Windhoek: Australia's Claire Polosak said it was a "special day" as she made history in becoming the first female umpire to stand in a men's one-day international.
The 31-year-old officiated in the final of the World Cricket League Division 2 between hosts Namibia and Oman at the weekend and admitted she would "sleep well" after her performance.
"It was a special day for everyone and I wanted to do the best I can," said Polosak.
"There was a little bit of intensity out there, some argy-bargy between the teams but I nipped it in the bud with a quiet word.
"Everyone responded well, there were no issues with player behaviour."
Polosak has already stood in 15 women's ODIs, the first one in November 2016 between Australia and South Africa.
She has also umpired the semi-final of the Women's T20 World Cup in 2018 between England and India and four matches at the 2017 Women's World Cup.
"I had a couple of big calls," she added of Saturday's game which was won by Namibia by 145 runs.
"Big caught behinds, lbws which I was pleased with. You never walk off completely happy but I will sleep well tonight."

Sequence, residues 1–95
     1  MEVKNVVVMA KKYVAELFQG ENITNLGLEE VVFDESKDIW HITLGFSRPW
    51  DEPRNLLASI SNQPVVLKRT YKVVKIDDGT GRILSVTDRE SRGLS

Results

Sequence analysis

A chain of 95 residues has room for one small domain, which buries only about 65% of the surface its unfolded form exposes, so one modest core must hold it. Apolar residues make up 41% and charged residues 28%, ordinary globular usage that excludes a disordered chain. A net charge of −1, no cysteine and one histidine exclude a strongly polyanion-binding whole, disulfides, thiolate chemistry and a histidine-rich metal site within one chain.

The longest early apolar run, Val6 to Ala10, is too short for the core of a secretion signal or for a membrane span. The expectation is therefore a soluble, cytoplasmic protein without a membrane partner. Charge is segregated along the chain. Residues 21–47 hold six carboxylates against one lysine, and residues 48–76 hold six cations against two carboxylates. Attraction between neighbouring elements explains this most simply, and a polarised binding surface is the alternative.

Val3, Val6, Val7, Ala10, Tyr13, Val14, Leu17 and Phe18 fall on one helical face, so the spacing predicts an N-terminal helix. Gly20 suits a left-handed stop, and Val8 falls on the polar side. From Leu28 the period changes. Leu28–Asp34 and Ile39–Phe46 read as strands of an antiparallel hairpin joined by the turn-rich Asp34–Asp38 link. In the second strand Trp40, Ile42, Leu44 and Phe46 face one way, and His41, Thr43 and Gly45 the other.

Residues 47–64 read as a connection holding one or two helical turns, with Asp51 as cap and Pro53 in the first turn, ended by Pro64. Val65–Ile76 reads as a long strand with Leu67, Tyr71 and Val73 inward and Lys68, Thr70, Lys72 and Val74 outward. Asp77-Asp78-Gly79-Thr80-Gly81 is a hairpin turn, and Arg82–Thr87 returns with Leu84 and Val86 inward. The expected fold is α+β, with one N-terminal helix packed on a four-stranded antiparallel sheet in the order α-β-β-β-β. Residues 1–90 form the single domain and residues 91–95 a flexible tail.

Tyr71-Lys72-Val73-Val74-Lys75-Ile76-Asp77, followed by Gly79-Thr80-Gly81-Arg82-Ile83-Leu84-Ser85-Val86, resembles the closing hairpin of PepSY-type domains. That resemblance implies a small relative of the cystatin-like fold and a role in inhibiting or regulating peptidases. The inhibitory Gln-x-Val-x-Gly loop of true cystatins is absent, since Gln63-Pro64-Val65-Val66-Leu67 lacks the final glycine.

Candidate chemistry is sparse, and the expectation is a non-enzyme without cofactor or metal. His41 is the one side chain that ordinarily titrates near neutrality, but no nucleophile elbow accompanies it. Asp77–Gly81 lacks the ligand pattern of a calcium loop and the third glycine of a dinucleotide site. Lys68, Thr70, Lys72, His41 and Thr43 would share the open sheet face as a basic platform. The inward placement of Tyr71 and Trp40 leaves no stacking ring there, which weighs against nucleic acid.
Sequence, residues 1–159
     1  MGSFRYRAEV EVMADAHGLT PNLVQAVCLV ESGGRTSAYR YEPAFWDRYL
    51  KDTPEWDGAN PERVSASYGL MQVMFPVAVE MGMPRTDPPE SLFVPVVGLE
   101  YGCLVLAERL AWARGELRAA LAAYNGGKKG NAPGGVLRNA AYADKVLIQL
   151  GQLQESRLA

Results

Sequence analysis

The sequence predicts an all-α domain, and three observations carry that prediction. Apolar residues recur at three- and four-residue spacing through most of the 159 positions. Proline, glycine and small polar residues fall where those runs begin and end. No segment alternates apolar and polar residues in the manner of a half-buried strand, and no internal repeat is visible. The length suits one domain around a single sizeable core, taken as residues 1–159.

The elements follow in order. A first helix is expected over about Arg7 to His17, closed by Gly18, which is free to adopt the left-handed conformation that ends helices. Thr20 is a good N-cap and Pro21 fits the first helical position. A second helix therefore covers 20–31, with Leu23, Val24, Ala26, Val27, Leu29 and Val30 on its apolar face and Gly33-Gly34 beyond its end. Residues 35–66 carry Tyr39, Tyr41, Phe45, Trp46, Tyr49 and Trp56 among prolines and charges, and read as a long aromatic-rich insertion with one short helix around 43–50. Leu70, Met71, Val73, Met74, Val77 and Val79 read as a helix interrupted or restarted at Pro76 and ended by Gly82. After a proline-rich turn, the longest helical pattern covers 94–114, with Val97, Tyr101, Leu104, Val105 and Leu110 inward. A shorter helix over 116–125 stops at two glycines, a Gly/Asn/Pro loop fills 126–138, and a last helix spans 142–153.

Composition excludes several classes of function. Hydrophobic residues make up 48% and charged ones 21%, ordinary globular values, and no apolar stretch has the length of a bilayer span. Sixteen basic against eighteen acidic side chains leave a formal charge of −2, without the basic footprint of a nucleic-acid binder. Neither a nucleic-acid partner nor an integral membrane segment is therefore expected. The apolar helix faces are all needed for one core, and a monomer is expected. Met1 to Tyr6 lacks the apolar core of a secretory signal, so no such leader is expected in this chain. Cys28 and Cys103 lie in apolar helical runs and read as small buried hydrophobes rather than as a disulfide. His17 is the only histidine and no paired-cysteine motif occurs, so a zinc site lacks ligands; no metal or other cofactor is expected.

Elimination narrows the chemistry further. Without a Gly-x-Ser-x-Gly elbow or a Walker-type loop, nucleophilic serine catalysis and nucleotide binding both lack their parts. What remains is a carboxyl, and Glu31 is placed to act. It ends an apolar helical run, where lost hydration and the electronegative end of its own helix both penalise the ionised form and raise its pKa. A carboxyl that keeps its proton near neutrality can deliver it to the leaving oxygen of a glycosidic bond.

Polosak has already blazed a trail – she was the first woman to stand in a men's domestic fixture in Australia in her first List A match in Australia in 2017.
In December last year, she and her South Australian counterpart Eloise Sheridan became the first female umpires to officiate on-field together during a professional match in Australia when the Adelaide Strikers hosted the Melbourne Stars in the WBBL.
"I was congratulating the players as well on their ODI status. It was a special day all round!"
Yesterday, Claire Polosak made history by becoming the first female umpire to stand in a men's ODI. Here's what she had to say afterwards. pic.twitter.com/bVSSpdv7IV
— ICC (@ICC) April 28, 2019
Find latest and upcoming tech gadgets online on Tech2 Gadgets. Get technology news, gadgets reviews & ratings. Popular gadgets including laptop, tablet and mobile specifications, features, prices, comparison.
The Cricket Committee said it can only finalise the appointment of a coach but the MPCA kept it in dark when Pandit was appointed.
Cricket South Africa on Friday said a total of 34 tests were conducted on the players and support staff with the infected trio, who were not named, being removed from the preparations, which start in Pretoria on Sunday.
The 64-year-old Vengsarkar, a batting stalwart and a former Chairman of Selection Committee, had also served as vice-president of MCA. He played 116 Tests between 1976 and 1992.